Wayne Richey

“I’m running for mayor, and I’m not your typical candidate. My only goal is to lower the cost of housing. The invasion of new people moving here has got to stop. Long-time residents cannot afford to live here anymore. I would also love to completely restructure our property tax system. If you live here 60 years, you pay nothing; 20 years and your taxes would stay the same. Move here from another state and buy a half-million-dollar home and you will make up the difference.”

Will your tax policy include taking the full three percent property tax increase allowed by law each year?

Rebecca Arnold

“No. The three percent allowed by law should only be taken when there is an identified need that cannot be met through other funding sources.”

Brent Coles

“Each department in the city would be required to reduce their spending requests so we would not need the three percent.”

Adriel Martinez 

“I will not go for the full three percent and will cap property taxes at one percent.”

Author’s Note: Under state law, cities can only raise the combined city property taxes by a maximum of three percent each year. However, there are other factors in the grander tax equation that lead to taxes growing more rapidly than just three percent. For instance, the rising appraised value of homes has made it so tax collection by the city of Boise has actually increased by an average of 4.9 percent each year for the past five years.

What would your top two budget priorities be?

Rebecca Arnold

“Eliminating wasteful spending and spending on ‘vanity projects’ such as the proposed  ‘Taj Mahal’ library project, the proposed downtown stadium project, and Bieter’s rail streetcar. Analyzing the budget to determine where funds can be cut or transferred to areas that are underfunded, such as fire and police coverage.”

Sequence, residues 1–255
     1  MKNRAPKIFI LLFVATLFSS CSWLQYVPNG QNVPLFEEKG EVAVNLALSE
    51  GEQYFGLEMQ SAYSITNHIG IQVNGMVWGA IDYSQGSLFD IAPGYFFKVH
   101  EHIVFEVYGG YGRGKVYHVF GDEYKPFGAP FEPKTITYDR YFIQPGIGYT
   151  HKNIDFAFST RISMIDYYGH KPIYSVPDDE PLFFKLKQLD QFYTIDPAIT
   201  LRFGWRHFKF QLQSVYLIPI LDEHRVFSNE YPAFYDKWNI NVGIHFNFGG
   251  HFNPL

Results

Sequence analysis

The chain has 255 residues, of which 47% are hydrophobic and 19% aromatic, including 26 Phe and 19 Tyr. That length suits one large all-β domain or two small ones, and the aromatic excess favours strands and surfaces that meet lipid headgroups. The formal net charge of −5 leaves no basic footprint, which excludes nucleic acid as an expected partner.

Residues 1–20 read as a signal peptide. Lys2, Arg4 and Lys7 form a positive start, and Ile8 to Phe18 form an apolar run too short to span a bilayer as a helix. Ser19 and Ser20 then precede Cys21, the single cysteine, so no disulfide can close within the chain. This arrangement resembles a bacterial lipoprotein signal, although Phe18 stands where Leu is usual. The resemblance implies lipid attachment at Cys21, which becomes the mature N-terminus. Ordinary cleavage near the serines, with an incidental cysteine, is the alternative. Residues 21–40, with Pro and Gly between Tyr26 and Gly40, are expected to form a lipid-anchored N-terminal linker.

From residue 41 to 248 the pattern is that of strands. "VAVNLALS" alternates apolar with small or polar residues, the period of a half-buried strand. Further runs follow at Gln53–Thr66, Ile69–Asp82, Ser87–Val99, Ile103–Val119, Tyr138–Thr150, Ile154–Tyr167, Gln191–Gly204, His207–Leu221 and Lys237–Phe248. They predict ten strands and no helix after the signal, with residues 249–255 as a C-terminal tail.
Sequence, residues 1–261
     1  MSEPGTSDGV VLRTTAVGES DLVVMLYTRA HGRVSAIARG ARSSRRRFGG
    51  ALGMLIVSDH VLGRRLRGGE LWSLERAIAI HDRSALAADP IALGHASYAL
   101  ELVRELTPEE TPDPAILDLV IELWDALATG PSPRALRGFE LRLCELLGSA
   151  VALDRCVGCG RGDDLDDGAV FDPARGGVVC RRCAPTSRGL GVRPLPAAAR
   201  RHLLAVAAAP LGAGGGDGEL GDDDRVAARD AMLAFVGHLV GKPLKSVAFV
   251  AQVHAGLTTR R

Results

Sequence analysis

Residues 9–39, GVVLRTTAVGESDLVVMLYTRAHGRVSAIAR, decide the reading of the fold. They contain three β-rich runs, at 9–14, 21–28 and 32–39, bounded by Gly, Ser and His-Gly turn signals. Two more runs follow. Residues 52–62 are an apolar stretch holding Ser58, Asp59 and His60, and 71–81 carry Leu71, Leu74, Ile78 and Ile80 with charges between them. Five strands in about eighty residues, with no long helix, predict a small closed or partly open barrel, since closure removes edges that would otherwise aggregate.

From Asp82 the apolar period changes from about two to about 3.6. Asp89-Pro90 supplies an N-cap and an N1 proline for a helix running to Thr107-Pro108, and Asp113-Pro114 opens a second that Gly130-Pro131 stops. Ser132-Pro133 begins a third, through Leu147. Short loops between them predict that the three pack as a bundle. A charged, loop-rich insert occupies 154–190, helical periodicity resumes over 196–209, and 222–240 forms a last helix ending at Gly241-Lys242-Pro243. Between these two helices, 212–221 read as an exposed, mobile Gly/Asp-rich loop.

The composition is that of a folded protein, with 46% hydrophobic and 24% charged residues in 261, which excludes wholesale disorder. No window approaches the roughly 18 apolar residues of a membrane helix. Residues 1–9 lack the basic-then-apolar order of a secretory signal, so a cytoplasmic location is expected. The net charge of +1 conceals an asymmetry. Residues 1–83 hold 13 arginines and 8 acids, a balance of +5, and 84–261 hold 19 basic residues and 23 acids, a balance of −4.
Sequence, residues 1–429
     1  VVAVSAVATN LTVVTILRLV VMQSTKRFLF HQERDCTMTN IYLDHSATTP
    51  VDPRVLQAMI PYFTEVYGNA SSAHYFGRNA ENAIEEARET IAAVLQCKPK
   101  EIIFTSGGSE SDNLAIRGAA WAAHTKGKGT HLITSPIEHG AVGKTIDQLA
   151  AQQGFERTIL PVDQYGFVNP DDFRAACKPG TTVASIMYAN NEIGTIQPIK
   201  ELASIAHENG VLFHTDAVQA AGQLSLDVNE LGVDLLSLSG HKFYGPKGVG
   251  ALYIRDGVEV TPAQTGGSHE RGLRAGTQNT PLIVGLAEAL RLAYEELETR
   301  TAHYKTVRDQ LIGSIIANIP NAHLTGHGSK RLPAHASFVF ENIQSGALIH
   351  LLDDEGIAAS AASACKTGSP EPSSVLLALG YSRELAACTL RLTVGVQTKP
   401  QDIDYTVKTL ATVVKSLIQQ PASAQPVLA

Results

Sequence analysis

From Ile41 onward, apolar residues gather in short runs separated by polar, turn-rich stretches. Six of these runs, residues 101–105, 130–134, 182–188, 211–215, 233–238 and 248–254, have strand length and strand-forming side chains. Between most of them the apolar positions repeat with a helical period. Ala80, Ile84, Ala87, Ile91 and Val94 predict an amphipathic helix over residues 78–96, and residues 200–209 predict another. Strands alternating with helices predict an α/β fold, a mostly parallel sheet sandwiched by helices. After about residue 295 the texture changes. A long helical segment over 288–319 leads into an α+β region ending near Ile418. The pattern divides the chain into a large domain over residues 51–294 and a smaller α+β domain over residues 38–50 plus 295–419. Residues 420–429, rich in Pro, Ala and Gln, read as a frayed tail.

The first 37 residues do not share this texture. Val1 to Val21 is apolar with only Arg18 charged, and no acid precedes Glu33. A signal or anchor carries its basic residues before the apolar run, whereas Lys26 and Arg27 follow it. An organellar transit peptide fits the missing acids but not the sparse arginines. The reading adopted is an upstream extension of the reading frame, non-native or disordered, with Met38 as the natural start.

Brent Coles

“The top priorities will be cutting costs, reducing taxes, helping people afford to stay in their homes. Then focus on the basic needs of city infrastructure, including supporting ways to reduce traffic congestion.”

Adriel Martinez 

“My top two budget priorities would be cutting back on excess spending and using the taxpayers’ money in a better, more efficient manner.”

Wayne Richey

“Twenty to thirty thousand people moving to the valley every year must stop. Schools, traffic, infrastructure, and resources, will never keep up. They have driven the price of homes so high that locals cannot afford to live here anymore. A $1,200 two-bedroom apartment is ridiculous. And a $345,000 starter home is not possible at current wages. We can’t stop outsiders from moving here, but we can make our city less attractive. I plan on doing whatever it takes to get us off everyone’s ‘Favorite top 10 cities’ list; impact fees, property taxes, whatever it takes. I realize this sounds drastic, but it needs to be done. What’s the point of having a wonderful city if our children can’t afford to live here anymore? We are in the middle of a crisis that requires immediate action. We can’t keep selling off our town to the highest bidder.”